Australia*** has attempted to derail a ban on nuclear weapons at a UN meeting on disarmament, by single-handedly forcing a vote on a report that had been expected to pass unanimously.The report, which recommended negotiations begin in 2017 to ban nuclear weapons, was eventually passed by 68 votes to 22.
Moves towards a ban have been pursued because many saw little progress under the existing non-proliferation treaty, which obliges the five declared nuclear states to “pursue negotiations in good faith” towards “cessation of the nuclear arms race … and nuclear disarmament”.
The proposal recommended a conference be held next year to negotiate “a legally binding instrument to prohibit nuclear weapons, leading towards their total elimination”.,…Anti-nuclear campaigners involved in the process expected the report would pass without objection. But Australia surprised observers by objecting and forcing a vote…
in 2015, documents obtained under Freedom of Information revealed Australia opposed the ban on nuclear weapons, since it believed it relied on US nuclear weapons as a deterrent. “As long as the threat of nuclear attack or coercion exists, and countries like the DPRK [North Korea] seek these weapons and threaten others, Australia and many other countries will continue to rely on US extended nuclear deterrence,” said one of the briefing notes for government ministers.
The documents revealed however that Australia and the US were worried about the momentum gathering behind the Austrian-led push for a ban nuclear weapons, which diplomats said was “fast becoming a galvanising focus for those pushing the ban treaty option”.
Excerpts from Australia attempts to derail UN plan to ban nuclear weapons, Guardian, Aug. 20, 2017
***The following countries agreed with Australia: Belgium, Bulgaria, Canada, Croatia, Estonia, Finland, Germany, Greece, Hungary, Italy, Japan, Latvia, Lithuania, Netherlands, Norway, Poland, Portugal, Republic of Korea, Romania, Slovakia, Slovenia, Spain and Turkey
These countries want a legal instrument to ban nuclear weapons ASAP: Afghanistan, Algeria, Andorra, Angola, Antigua and Barbuda, Argentina, Austria, Bahamas, Bahrain, Barbados, Belize, Benin, Bolivia, Botswana, Brazil, Brunei, Burkina Faso, Burundi, Cabo Verde, Cambodia, Central African Republic, Chad, Chile, Colombia, Comoros, Congo, Cook Islands, Costa Rica, Côte d’Ivoire, Cuba, Cyprus, Democratic Republic of the Congo, Djibouti, Dominica, Dominican Republic, Ecuador, Egypt, El Salvador, Eritrea, Ethiopia, Fiji, Gambia, Ghana, Grenada, Guatemala, Guinea, Guinea-Bissau, Guyana, Haiti, Honduras, Indonesia, Iraq, Ireland, Islamic Republic of Iran, Jamaica, Jordan, Kazakhstan, Kenya, Kiribati, Kuwait, Kyrgyzstan, Lebanon, Lesotho, Liberia, Libya, Liechtenstein,Madagascar, Malawi, Malaysia, Mali, Malta, Marshall Islands, Mauritania, Mauritius, Mexico, Mongolia, Namibia, Nauru, Nicaragua, Niger, Nigeria, Oman, Niue, Palau, Panama, Papua New Guinea, Paraguay, Peru, Philippines, Qatar, Saint Kitts and Nevis, Saint Lucia. Saint Vincent and the Grenadines, Samoa, San Marino, Sao Tome and Principe, Saudi Arabia, Senegal, Serbia, Seychelles, Sierra Leone, Singapore, Somalia, South Africa, Sri Lanka, State of Palestine, Sudan, Suriname, Swaziland, Tajikistan, The former Yugoslav Republic of Macedonia, Timor Leste, Togo, Trinidad and Tobago, Tunisia, Tuvalu, Uganda, United Arab Emirates, United Republic of Tanzania, Uruguay, Vanuatu, Venezuela, Viet Nam, Yemen, Zambia, Zimbabwe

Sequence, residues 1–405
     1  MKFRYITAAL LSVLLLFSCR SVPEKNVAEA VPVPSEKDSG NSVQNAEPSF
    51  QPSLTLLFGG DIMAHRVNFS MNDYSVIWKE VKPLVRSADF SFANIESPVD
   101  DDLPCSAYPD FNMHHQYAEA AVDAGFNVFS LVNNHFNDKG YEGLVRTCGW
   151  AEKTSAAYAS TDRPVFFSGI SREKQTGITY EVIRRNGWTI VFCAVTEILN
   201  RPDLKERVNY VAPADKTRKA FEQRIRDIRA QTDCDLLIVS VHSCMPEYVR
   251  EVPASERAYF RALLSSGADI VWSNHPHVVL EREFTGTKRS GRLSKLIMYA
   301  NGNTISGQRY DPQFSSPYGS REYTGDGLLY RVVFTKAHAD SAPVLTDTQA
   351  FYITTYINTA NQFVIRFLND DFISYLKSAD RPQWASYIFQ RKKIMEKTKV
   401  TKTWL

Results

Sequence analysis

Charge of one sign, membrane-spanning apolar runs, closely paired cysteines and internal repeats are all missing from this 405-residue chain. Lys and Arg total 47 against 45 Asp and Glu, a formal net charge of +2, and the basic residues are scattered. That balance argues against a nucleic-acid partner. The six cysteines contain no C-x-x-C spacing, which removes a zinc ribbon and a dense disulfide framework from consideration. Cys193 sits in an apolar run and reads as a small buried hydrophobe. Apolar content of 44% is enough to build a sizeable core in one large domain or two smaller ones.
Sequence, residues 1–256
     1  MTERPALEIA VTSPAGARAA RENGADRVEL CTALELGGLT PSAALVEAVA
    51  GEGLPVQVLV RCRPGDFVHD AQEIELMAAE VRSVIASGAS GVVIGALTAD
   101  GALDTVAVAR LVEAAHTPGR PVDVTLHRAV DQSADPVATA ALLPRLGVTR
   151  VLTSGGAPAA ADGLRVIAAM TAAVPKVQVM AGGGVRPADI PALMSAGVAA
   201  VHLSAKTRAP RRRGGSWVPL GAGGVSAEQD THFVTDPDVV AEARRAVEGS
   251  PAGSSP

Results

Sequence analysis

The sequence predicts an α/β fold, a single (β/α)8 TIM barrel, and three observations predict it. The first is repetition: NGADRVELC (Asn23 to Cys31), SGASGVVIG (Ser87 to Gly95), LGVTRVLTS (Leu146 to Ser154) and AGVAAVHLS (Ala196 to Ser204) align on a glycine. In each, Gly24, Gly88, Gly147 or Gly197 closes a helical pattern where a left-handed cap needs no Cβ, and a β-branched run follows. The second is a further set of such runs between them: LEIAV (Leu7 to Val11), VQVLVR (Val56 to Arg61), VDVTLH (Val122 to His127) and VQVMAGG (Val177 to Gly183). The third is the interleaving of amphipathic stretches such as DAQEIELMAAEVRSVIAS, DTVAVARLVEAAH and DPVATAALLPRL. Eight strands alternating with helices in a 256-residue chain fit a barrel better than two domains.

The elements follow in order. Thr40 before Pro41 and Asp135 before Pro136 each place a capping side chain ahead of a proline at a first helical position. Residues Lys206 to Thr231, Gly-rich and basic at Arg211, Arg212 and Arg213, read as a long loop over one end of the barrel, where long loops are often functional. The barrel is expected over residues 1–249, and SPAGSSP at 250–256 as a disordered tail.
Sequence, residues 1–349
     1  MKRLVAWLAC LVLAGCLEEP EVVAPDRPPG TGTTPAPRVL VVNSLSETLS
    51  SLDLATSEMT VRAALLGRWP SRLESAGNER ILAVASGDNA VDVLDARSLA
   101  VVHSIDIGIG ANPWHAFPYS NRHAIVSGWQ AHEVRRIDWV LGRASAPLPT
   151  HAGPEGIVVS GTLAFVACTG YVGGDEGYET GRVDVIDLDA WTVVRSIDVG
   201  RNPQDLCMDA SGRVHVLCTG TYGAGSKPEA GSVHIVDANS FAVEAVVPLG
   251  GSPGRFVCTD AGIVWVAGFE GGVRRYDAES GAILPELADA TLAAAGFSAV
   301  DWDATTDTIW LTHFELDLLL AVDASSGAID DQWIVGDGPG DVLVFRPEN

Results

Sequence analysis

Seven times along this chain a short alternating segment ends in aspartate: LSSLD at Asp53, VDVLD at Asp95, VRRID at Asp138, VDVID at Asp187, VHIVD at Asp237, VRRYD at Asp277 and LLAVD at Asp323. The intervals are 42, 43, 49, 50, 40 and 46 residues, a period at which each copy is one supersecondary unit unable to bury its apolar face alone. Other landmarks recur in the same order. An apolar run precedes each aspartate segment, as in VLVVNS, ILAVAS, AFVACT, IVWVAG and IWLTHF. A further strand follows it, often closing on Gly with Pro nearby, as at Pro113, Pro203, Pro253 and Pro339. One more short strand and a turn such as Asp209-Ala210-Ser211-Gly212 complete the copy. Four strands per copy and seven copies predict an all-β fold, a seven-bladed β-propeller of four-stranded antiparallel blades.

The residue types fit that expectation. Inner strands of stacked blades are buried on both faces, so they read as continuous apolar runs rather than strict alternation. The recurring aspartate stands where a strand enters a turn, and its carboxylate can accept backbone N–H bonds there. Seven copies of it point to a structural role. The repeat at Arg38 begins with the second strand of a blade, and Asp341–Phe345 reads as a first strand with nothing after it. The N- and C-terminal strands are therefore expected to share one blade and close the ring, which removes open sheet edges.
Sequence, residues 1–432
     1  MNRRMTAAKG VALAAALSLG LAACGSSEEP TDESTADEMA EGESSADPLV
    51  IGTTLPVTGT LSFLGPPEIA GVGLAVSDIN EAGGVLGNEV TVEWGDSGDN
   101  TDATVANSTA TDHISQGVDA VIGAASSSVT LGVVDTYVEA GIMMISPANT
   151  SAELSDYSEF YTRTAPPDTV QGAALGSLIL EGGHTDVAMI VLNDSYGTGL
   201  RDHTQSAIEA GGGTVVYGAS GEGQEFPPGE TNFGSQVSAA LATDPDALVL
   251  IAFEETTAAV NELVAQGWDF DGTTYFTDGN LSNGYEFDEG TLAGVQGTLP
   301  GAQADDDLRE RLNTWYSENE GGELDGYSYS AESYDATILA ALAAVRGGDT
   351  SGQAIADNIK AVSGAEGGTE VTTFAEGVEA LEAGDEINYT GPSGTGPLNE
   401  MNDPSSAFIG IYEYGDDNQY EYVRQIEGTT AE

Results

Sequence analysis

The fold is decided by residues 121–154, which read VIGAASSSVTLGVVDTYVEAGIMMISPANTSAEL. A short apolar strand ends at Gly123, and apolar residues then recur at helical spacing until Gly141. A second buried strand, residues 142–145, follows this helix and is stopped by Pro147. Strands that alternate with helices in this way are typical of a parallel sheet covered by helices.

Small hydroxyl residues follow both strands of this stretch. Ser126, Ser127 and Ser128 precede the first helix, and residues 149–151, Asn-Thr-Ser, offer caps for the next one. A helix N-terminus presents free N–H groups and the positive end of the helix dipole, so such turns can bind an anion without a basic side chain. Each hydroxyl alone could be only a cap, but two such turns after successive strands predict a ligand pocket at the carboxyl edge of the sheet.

See also Model Nuclear Weapons Convention
See the Legal Gap